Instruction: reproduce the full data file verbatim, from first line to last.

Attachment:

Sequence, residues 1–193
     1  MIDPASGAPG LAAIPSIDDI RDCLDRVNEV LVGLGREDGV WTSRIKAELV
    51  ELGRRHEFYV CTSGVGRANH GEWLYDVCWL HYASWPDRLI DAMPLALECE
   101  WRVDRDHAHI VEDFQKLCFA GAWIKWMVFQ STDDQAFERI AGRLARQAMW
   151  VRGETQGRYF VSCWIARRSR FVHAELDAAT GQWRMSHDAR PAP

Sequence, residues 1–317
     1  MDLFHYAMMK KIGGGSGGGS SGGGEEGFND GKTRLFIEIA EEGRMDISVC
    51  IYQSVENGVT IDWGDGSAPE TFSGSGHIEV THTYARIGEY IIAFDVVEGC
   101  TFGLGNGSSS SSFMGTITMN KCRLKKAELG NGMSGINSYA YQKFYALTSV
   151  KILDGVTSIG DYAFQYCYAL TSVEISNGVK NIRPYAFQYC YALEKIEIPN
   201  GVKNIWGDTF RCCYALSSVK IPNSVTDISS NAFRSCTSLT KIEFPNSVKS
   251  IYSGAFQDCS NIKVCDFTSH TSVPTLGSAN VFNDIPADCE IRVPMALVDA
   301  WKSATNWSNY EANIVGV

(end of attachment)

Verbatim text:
Sequence, residues 1–193
     1  MIDPASGAPG LAAIPSIDDI RDCLDRVNEV LVGLGREDGV WTSRIKAELV
    51  ELGRRHEFYV CTSGVGRANH GEWLYDVCWL HYASWPDRLI DAMPLALECE
   101  WRVDRDHAHI VEDFQKLCFA GAWIKWMVFQ STDDQAFERI AGRLARQAMW
   151  VRGETQGRYF VSCWIARRSR FVHAELDAAT GQWRMSHDAR PAP

Sequence, residues 1–317
     1  MDLFHYAMMK KIGGGSGGGS SGGGEEGFND GKTRLFIEIA EEGRMDISVC
    51  IYQSVENGVT IDWGDGSAPE TFSGSGHIEV THTYARIGEY IIAFDVVEGC
   101  TFGLGNGSSS SSFMGTITMN KCRLKKAELG NGMSGINSYA YQKFYALTSV
   151  KILDGVTSIG DYAFQYCYAL TSVEISNGVK NIRPYAFQYC YALEKIEIPN
   201  GVKNIWGDTF RCCYALSSVK IPNSVTDISS NAFRSCTSLT KIEFPNSVKS
   251  IYSGAFQDCS NIKVCDFTSH TSVPTLGSAN VFNDIPADCE IRVPMALVDA
   301  WKSATNWSNY EANIVGV